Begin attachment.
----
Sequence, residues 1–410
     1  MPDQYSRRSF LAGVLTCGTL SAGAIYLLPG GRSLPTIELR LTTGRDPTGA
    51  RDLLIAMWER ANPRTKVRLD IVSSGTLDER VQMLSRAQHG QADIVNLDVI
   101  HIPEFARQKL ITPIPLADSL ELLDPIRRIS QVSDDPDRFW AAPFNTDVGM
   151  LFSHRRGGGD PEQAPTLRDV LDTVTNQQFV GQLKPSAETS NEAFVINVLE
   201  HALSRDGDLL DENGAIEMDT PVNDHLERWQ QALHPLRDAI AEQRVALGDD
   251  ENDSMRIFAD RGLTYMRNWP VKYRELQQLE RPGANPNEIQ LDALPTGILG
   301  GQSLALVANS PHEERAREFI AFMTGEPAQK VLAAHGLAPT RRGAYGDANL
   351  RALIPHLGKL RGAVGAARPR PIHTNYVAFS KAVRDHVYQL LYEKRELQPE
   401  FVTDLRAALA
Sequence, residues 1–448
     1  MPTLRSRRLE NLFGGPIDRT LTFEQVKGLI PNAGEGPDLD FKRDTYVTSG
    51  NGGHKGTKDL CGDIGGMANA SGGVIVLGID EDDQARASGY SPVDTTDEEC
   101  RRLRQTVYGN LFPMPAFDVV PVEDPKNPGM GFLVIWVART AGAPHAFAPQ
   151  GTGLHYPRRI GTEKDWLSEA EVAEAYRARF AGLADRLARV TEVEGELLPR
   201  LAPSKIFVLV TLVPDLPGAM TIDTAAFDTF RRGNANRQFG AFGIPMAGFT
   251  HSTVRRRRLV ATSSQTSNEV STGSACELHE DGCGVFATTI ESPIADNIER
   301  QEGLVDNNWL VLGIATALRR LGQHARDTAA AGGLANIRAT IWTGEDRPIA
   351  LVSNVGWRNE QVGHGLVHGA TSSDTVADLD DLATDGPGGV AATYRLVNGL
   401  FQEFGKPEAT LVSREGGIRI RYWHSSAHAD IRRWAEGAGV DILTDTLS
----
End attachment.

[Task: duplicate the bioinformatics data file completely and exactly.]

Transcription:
Sequence, residues 1–410
     1  MPDQYSRRSF LAGVLTCGTL SAGAIYLLPG GRSLPTIELR LTTGRDPTGA
    51  RDLLIAMWER ANPRTKVRLD IVSSGTLDER VQMLSRAQHG QADIVNLDVI
   101  HIPEFARQKL ITPIPLADSL ELLDPIRRIS QVSDDPDRFW AAPFNTDVGM
   151  LFSHRRGGGD PEQAPTLRDV LDTVTNQQFV GQLKPSAETS NEAFVINVLE
   201  HALSRDGDLL DENGAIEMDT PVNDHLERWQ QALHPLRDAI AEQRVALGDD
   251  ENDSMRIFAD RGLTYMRNWP VKYRELQQLE RPGANPNEIQ LDALPTGILG
   301  GQSLALVANS PHEERAREFI AFMTGEPAQK VLAAHGLAPT RRGAYGDANL
   351  RALIPHLGKL RGAVGAARPR PIHTNYVAFS KAVRDHVYQL LYEKRELQPE
   401  FVTDLRAALA
Sequence, residues 1–448
     1  MPTLRSRRLE NLFGGPIDRT LTFEQVKGLI PNAGEGPDLD FKRDTYVTSG
    51  NGGHKGTKDL CGDIGGMANA SGGVIVLGID EDDQARASGY SPVDTTDEEC
   101  RRLRQTVYGN LFPMPAFDVV PVEDPKNPGM GFLVIWVART AGAPHAFAPQ
   151  GTGLHYPRRI GTEKDWLSEA EVAEAYRARF AGLADRLARV TEVEGELLPR
   201  LAPSKIFVLV TLVPDLPGAM TIDTAAFDTF RRGNANRQFG AFGIPMAGFT
   251  HSTVRRRRLV ATSSQTSNEV STGSACELHE DGCGVFATTI ESPIADNIER
   301  QEGLVDNNWL VLGIATALRR LGQHARDTAA AGGLANIRAT IWTGEDRPIA
   351  LVSNVGWRNE QVGHGLVHGA TSSDTVADLD DLATDGPGGV AATYRLVNGL
   401  FQEFGKPEAT LVSREGGIRI RYWHSSAHAD IRRWAEGAGV DILTDTLS